Now, in many cases and including this Tale, after paying the deposit/cash portion, the amount you owe the seller and the amount the seller owes his lender might be exactly the same in dollar value. That was the situation for our member in what we describe as a ‘low/no equity AFS.’
Using a standard Alberta Real Estate Association (AREA) purchase contract and a specialized AFS schedule, he and I wrote up the contract. Lucky for us, Mom had to return from South America so during her two-week visit, we got the contract signed and she went to see a lawyer that I was able to recommend as being familiar with AFS.
Not All Lawyers Know Agreements for Sale
The AFS strategy does not work well with lawyers who don’t understand or haven’t worked with AFS. Always make sure your seller has a lawyer who understands and who will cooperate in an AFS transaction. I sent a draft AFS document to the seller’s lawyer. We finally got the AFS details worked out, although we didn’t get everything we wanted.
One ideal AFS component is a power of attorney (P of A) from the seller to the buyer leaving the buyer in full control of the property. The P of A is very useful for a buyer who might have to deal directly with a lender, municipality, or uncooperative post-closing seller (no more skin in the game). The seller did not want to give the P of A on the advice of their lawyer, which later caused our member trouble. However, we did get them to sign a transfer of land to be held on file along with a management agreement.
Having the signed transfer on file facilitated the situation two years later when the AFS matured and our member had to refinance to pay the full purchase price or sell to third party. A management agreement is not as powerful as a P of A, but still useful. And so, with much backing and forthing and time and stress the deal closed and our member now controlled the property. In the end, our member paid the seller $16,000 representing the mortgage arrears, condominium arrears, and $2,000 for the seller’s lawyer’s legal fees.
… Wait a minute, if the seller’s equity was only $10,000 should our member have paid $16,000 cash?
Over the next two years our member battled with CIBC on the question of making the underlying mortgage payment. He didn’t want to simply deposit his AFS payment to the seller’s bank account because the sellers were in financial difficulty. What if they received our member’s payment and then didn’t make their mortgage payment?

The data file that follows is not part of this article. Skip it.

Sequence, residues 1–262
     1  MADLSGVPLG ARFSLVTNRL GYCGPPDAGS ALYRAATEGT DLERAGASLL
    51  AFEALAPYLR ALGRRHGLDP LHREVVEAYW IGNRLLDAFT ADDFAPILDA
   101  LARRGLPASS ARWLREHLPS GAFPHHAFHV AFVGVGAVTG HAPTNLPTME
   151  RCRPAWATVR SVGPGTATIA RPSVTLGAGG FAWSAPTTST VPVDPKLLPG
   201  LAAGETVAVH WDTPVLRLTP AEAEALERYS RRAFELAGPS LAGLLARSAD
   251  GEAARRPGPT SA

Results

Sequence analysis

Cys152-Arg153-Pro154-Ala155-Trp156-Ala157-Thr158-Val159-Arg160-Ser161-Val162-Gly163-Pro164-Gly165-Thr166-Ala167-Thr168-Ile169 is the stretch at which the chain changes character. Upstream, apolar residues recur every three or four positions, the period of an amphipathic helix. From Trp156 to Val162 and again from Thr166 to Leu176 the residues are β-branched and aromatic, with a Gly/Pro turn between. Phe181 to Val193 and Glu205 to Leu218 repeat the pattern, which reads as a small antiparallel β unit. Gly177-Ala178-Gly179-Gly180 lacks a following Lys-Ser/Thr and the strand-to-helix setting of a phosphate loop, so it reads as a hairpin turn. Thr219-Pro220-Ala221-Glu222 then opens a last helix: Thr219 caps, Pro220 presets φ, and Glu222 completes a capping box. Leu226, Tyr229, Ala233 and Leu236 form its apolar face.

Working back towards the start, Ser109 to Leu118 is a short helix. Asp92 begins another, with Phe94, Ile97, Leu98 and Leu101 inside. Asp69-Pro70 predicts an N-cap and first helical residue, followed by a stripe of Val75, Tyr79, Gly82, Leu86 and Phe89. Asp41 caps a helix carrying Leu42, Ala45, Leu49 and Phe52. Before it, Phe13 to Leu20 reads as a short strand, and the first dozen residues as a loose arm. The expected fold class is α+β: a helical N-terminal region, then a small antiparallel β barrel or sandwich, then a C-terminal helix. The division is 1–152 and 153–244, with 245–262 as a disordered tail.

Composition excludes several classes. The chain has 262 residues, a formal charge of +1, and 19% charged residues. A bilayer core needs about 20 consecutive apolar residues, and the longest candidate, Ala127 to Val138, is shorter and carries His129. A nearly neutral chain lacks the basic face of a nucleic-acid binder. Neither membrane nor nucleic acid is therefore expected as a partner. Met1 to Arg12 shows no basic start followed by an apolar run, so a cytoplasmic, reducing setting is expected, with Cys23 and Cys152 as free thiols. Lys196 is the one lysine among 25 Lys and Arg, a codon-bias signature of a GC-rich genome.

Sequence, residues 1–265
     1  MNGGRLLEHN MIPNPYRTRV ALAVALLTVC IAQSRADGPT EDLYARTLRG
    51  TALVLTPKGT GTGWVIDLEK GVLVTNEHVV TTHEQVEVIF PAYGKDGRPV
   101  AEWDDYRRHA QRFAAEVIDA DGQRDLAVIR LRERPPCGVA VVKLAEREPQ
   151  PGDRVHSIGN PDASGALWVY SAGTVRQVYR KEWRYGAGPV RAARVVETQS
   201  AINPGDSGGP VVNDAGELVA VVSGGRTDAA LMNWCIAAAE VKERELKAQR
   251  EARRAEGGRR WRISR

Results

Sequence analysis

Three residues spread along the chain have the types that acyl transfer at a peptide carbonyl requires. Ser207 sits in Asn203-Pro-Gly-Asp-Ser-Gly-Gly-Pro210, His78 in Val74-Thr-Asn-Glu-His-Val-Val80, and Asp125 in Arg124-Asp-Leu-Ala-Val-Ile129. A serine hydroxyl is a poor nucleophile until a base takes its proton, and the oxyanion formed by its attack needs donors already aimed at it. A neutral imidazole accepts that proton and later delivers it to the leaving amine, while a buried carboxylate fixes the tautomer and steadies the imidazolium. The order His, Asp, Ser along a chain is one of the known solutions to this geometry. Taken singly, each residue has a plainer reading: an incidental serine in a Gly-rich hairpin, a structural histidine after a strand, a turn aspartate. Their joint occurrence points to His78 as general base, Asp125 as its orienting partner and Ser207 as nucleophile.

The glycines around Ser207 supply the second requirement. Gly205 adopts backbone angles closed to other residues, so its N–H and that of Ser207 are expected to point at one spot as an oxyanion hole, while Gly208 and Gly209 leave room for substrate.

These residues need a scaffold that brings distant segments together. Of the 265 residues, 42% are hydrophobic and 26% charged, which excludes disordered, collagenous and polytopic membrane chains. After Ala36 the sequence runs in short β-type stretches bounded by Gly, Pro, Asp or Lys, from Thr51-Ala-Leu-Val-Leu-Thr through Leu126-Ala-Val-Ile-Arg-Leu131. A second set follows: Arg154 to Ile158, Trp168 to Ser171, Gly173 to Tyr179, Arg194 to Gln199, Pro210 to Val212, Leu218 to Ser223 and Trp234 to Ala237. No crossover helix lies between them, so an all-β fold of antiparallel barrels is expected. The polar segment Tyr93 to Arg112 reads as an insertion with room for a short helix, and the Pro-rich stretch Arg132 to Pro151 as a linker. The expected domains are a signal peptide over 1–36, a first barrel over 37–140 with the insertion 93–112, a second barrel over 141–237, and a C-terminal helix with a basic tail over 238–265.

CIBC didn’t want to deal with our member because of the foreclosure history. They didn’t like and would not abide by the management agreement. Similarly, the condominium corporation was not cooperative. However, our member finally worked out the details of ensuring the sellers underlying mortgage payment was made, dealt with the condominium corporation, and installed a very satisfactory tenant.
Fast forward two years later and our member wanted to sell the property. The AFS was maturing and the condominium market had recovered. The next issue to deal with was that lenders and title insurance companies have tightened their rules to disallow skip transfers. They want the seller’s name on the contract to be the same as the name on title.
The sellers wouldn’t cooperate so our member negotiated financing with Calvert Home Mortgage. He transferred the property to himself, put on the new mortgage, and paid out CIBC. Now, the title was in his name and he listed the property, which sold quickly for $268,000.
A rocky, stressful road… leading to a sweet profit. Even allowing for substantial extra expenses and real estate commission, our members annualized return-on-investment (ROI) was 280%.
- Low/no equity does not equal no value.
- Power of attorney is ideal for low/no equity AFS.
- AFS require lots of babysitting. This is a senior strategy. You need education/coaching/solid legal representation before embarking on AFS deals.
Contact Barry McGuire now. Alberta real estate needs an Alberta lawyer.
“House, Property, Real Estate For Sale Sign” image by Mark Moz used under CC Attribution 2.0 Generic.